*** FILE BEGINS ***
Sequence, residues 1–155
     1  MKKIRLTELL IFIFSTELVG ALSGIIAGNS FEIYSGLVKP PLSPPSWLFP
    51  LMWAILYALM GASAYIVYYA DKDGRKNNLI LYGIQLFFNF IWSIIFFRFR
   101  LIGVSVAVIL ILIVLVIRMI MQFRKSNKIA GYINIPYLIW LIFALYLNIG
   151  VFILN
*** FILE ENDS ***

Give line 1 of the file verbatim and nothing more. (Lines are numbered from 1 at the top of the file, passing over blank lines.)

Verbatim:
Sequence, residues 1–155